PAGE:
Weightlifting machines are perfectly safe for kids–a lot safer than some of the things that parents make their kids do around the house and yard.

First of all, when I talk about kids here, let’s assume they are at least 10 years of age.

Secondly, let’s assume that the weightlifting machines in question are not confusing to kids to figure out, and that these kids have received proper instruction.

I certainly don’t endorse kids using complicated weightlifting machines that are potentially dangerous even to adults.

But what about those other, really simple to use weightlifting machines that can be used while in a seated position?

These are safe for children to use, as long as they practice good form. Good form is mandatory for all age groups when using resistance equipment, and kids are no exception.

If you believe that weight lifting machines can be harmful to kids, ask yourself these questions:

1) Does my child ever take out the garbage?

2) Does my child ever carry around babies or toddlers?

3) Does my child have a hobby that involves lifting, carrying or manipulating weighted objects, such as bowling, woodworking, archery, rock-wall climbing or judo?

If you answered “yes” to any of these questions, then your child is already lifting weights.

Yet ironically, you have no worries or concerns about the weightlifting that’s involved in, for example, carrying around younger siblings, archery or judo.

Every time your child picks up a younger sibling, this is weightlifting, especially if piggy back rides are involved.

Hauling out the garbage is weight lifting. Do you ever hand grocery bags to your child to carry? This is weightlifting.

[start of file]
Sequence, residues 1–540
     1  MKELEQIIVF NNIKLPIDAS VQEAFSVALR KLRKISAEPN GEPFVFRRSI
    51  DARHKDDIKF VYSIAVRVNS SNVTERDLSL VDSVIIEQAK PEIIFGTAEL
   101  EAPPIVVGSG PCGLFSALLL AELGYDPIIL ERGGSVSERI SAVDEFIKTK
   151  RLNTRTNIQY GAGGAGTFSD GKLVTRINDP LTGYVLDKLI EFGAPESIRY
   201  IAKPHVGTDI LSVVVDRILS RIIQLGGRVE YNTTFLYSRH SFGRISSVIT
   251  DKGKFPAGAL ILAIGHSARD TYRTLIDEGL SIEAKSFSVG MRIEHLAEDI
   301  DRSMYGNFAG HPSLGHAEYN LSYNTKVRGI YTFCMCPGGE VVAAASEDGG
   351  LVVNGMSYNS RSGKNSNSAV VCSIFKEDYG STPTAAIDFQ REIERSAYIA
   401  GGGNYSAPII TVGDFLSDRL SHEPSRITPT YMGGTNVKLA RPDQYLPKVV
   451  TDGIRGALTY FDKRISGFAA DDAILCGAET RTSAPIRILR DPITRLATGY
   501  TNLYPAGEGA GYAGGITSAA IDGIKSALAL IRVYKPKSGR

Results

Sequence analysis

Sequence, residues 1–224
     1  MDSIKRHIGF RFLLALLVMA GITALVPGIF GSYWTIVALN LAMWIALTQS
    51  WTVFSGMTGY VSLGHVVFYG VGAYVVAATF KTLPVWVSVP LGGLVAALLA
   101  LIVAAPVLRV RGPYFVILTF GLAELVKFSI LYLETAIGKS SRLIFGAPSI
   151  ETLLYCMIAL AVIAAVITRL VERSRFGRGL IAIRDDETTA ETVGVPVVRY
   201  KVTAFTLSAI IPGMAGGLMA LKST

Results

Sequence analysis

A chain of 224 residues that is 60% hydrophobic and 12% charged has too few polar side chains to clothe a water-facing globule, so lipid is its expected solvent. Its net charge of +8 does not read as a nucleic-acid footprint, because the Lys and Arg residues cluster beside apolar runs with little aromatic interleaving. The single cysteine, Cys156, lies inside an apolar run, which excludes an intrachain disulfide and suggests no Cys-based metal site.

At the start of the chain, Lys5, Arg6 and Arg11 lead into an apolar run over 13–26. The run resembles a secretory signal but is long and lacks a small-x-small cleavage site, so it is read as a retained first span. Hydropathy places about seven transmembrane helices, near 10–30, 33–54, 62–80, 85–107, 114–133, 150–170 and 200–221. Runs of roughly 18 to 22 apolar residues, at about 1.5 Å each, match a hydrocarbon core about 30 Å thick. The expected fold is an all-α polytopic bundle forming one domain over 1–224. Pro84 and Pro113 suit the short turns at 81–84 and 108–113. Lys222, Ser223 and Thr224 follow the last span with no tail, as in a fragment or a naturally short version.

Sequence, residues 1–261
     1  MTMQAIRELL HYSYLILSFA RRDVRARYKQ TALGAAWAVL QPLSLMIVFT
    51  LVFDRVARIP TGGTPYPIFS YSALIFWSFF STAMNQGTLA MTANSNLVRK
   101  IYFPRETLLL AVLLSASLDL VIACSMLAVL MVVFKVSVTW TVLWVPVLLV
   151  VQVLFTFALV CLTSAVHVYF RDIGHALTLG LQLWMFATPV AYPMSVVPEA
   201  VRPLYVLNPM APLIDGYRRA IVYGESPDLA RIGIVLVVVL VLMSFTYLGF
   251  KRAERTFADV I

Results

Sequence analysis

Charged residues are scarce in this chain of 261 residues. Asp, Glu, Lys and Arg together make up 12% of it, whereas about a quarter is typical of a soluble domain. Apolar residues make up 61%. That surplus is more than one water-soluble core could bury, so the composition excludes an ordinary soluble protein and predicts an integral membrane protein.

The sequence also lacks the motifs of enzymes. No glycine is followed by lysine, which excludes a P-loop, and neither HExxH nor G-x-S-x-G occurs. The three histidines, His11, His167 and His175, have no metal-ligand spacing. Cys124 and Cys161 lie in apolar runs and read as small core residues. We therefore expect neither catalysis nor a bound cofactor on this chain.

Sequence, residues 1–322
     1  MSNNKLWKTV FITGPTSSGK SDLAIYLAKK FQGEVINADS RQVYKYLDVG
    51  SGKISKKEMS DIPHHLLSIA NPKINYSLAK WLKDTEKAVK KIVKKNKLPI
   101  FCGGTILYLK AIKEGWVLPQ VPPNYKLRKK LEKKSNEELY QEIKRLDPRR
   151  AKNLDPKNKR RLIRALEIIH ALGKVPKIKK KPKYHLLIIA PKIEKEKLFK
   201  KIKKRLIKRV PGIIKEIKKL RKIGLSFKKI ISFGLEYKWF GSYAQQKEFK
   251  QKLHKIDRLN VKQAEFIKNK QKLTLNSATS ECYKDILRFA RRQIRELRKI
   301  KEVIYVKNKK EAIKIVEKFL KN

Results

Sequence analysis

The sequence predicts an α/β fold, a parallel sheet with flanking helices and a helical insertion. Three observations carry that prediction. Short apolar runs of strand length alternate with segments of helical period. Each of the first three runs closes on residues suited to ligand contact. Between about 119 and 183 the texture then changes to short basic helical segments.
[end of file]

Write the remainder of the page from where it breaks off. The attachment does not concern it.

Archery mimics the weight lifting routine of rows, which work the back muscles.

Rock-wall climbing mimics leg pressing motions and the pull-over machine.

In wrestling, a child is exerting resistance against his opponent; this can mimic a seated chest press easily.

And in judo, all those flipping motions involve manipulation with the weight of the opponent or classroom partner.

The thing about weightlifting machines is that they are actually safer than wrestling, hoisting heavy garbage and carrying heavy younger siblings, in that gym equipment is designed to impose resistance upon the body in a symmetrical, bilateral fashion while the user is in neutral spinal alignment.

Show me a child whose spine is neutrally aligned while he or she is giving another child a piggy back ride, or while he is carrying garbage, picking up the baby, hoisting himself up on metal playground equipment, or shoveling snow (another weight-bearing activity).

I see kids at the airport carrying weighty luggage all the time. This is weight lifting and parents don’t seem too worried about safety.

It’s funny how parents don’t mind if their kids do pull-ups or pushups, yet believe that lat pull-overs and bench presses are dangerous to these same kids. But a pull-up is the same thing as a lat pull-over!

It’s the exact same joint motion! The only difference is that the object of resistance is stationary in the pull-up, and mobile in the lat pull-down.

A pushup is an inverted bench press! A 75-pound typical child will struggle more with a pushup than with a bench press of a 20-pound barbell!

It’s perfectly safe for kids to use weightlifting machines as long as they use proper form and don’t overdo it. These are the same rules for adults and teens. What parents should be more concerned about is their kids’ form while they are handling garbage, luggage, shoveling snow, and picking up/carrying other children or babies.

Lorra Garrick is a former personal trainer certified through the American Council on Exercise. At Bally Total Fitness she trained women and men of all ages for fat loss, muscle building, fitness and improved health.